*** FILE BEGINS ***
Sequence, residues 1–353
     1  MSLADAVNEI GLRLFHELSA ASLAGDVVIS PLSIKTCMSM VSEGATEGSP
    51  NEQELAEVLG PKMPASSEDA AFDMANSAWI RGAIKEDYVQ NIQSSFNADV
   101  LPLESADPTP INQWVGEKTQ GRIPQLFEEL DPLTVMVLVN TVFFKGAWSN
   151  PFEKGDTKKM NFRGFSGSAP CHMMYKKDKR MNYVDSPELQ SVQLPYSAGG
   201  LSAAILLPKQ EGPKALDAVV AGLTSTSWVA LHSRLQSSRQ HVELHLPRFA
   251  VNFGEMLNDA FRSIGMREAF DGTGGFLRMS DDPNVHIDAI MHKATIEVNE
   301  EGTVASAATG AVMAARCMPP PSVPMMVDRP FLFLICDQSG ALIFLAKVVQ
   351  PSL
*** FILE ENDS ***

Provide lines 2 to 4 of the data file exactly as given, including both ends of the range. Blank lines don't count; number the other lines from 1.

     1  MSLADAVNEI GLRLFHELSA ASLAGDVVIS PLSIKTCMSM VSEGATEGSP
    51  NEQELAEVLG PKMPASSEDA AFDMANSAWI RGAIKEDYVQ NIQSSFNADV
   101  LPLESADPTP INQWVGEKTQ GRIPQLFEEL DPLTVMVLVN TVFFKGAWSN